ABSTRACT: Objective: This cohort study describes the prevalence of picky eating and examines prognostic factors for picky eating trajectories during childhood. Methods: 4,018 participants of a population-based cohort with measurements from pregnancy onwards were included. Picky eating was assessed by maternal report when children were 1.5, 3, and 6 years old. The associations of child and family characteristics with trajectories of picky eating were examined using logistic regression. Never picky eaters were used as the reference group. Results: Prevalence of picky eating was 26.5% at 1.5 years of age, 27.6% at the age of 3 and declined to 13.2% at 6 years. Four main picky eating trajectories were defined: (1) never picky eating at all three assessments (55% of children), (2) remitting (0-4 years, 32%), (3) late-onset (6 years only, 4%), and (4) persistent (all ages, 4%). This implies that almost two thirds of the early picky eaters remitted within 3 years. Male sex, lower birth weight, non-Western maternal ethnicity, and low parental income predicted persistent picky eating. More often late-onset picky eaters were children of parents with low income and non-Western ethnicity. Discussion: We found that nearly half (46%) of children were picky eaters at some point during early childhood. Remittance was very high. This suggests that picky eating is usually a transient behavior and part of normal development in preschool children. However, a substantial group of persistent picky eaters, often from a socially disadvantaged background, continues to have problems beyond the preschool age. © 2015 Wiley Periodicals, Inc. (Int J Eat Disord 2015; 48:570-579).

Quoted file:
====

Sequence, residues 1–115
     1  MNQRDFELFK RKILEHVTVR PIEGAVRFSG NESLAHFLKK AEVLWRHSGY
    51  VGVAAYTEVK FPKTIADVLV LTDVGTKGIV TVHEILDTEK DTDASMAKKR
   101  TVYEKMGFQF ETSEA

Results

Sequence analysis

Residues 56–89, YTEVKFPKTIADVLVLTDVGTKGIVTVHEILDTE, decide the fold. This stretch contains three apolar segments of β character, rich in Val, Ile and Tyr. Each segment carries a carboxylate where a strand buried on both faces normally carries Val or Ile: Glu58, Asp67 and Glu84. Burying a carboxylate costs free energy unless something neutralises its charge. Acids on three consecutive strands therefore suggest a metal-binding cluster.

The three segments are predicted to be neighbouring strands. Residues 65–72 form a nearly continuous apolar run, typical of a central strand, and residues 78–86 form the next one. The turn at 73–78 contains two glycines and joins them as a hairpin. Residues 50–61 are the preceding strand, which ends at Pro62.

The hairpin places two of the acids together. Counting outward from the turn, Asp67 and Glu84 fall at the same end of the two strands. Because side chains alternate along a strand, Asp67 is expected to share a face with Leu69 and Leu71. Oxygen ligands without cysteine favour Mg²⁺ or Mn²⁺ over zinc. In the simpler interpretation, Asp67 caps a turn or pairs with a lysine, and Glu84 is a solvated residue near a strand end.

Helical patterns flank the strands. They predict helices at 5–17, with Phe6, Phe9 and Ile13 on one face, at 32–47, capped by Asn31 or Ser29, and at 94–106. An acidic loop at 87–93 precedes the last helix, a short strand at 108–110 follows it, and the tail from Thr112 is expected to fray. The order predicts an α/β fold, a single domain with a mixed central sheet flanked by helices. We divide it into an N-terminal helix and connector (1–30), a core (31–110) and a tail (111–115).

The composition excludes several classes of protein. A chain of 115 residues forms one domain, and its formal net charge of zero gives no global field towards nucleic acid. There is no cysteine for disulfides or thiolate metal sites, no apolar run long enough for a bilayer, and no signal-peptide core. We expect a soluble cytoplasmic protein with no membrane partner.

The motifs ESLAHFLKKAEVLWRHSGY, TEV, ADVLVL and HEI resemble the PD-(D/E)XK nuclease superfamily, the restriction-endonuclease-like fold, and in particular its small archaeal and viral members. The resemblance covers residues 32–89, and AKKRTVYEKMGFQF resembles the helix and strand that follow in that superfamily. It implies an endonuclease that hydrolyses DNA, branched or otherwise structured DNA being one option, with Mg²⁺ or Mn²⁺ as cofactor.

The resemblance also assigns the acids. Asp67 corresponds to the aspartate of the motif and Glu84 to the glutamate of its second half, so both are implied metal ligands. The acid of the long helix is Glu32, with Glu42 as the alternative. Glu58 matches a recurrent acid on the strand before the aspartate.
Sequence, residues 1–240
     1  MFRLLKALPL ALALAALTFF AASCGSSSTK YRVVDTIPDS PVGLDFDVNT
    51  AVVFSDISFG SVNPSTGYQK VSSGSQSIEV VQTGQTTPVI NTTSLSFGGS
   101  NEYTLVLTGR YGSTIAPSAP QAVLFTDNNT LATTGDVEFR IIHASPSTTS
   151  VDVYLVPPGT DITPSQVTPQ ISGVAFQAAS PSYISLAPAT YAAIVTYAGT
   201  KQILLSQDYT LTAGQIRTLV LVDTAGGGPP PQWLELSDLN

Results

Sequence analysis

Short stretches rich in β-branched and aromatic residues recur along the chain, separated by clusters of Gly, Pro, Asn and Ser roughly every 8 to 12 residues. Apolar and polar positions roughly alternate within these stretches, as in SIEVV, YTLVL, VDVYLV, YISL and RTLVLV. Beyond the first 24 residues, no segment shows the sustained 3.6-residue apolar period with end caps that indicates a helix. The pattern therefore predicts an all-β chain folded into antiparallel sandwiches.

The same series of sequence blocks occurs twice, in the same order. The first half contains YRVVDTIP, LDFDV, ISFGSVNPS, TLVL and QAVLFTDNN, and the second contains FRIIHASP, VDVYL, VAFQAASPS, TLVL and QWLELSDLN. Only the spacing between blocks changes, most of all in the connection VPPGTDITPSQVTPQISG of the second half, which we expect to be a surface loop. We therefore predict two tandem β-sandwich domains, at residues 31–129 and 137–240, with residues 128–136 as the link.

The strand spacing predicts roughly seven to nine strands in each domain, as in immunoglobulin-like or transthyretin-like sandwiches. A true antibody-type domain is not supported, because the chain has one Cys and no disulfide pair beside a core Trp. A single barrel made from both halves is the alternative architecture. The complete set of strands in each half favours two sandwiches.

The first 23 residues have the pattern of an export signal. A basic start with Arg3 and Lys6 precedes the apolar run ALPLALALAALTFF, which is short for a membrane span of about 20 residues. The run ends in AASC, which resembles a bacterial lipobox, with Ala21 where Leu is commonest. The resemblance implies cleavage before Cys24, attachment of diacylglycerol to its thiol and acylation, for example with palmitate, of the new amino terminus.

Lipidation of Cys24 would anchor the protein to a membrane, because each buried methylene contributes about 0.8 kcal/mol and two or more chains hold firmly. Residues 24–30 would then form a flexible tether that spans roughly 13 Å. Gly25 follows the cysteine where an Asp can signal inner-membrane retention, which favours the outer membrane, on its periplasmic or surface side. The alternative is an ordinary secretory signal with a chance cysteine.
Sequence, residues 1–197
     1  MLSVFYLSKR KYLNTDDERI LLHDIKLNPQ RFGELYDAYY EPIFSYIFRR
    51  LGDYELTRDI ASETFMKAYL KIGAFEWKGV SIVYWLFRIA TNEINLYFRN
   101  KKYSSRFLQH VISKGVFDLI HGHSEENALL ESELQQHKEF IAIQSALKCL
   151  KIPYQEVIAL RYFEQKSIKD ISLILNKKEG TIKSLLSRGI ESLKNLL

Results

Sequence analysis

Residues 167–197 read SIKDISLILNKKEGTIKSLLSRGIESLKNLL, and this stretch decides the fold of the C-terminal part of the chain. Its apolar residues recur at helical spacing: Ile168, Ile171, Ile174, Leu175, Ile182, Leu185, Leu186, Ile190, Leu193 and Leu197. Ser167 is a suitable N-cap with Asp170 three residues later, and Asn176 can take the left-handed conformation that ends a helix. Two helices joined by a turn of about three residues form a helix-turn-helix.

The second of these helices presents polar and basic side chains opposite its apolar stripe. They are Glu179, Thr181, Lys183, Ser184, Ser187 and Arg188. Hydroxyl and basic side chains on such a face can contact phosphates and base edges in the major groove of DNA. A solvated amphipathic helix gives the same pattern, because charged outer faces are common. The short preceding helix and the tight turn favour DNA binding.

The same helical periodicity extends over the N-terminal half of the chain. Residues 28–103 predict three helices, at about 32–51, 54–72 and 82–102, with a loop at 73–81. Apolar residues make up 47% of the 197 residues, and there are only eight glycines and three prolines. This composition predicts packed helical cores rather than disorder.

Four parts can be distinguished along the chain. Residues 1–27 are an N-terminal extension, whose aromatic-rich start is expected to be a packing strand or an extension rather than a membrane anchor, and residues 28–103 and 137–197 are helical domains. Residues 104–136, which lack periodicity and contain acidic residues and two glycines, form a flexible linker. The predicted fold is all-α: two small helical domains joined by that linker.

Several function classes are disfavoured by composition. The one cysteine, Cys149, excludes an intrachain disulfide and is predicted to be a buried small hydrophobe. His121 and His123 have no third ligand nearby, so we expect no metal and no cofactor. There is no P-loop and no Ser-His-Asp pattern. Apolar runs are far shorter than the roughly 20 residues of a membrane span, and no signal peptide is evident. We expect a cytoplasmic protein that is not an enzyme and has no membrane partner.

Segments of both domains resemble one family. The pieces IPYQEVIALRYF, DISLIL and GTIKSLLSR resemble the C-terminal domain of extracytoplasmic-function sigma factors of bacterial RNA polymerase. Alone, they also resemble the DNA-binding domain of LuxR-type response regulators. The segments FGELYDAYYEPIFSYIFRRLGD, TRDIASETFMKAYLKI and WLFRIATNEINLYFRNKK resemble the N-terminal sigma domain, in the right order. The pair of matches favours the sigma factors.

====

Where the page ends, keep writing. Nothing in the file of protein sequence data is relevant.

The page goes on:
Full-text · Article · Jan 2015 · International Journal of Eating Disorders
  • Source
    [Show abstract] [Hide abstract]
    ABSTRACT: Picky eating (also known as fussy, faddy or choosy eating) is usually classified as part of a spectrum of feeding difficulties. It is characterised by an unwillingness to eat familiar foods or to try new foods, as well as strong food preferences. The consequences may include poor dietary variety during early childhood. This, in turn, can lead to concern about the nutrient composition of the diet and thus possible adverse health-related outcomes. There is no single widely accepted definition of picky eating, and therefore there is little consensus on an appropriate assessment measure and a wide range of estimates of prevalence. In this review we first examine common definitions of picky eating used in research studies, and identify the methods that have been used to assess picky eating. These methods include the use of subscales in validated questionnaires, such as the Child Eating Behaviour Questionnaire and the Child Feeding Questionnaire as well as study-specific question(s). Second, we review data on the prevalence of picky eating in published studies. For comparison we present prevalence data from the UK Avon Longitudinal Study of Parents and Children (ALSPAC) in children at four time points (24, 38, 54 and 65 months of age) using a study-specific question. Finally, published data on the effects of picky eating on dietary intakes (both variety and nutrient composition) are reviewed, and the need for more health-related data and longitudinal data is discussed. Copyright © 2015. Published by Elsevier Ltd.
    Full-text · Article · Jul 2015 · Appetite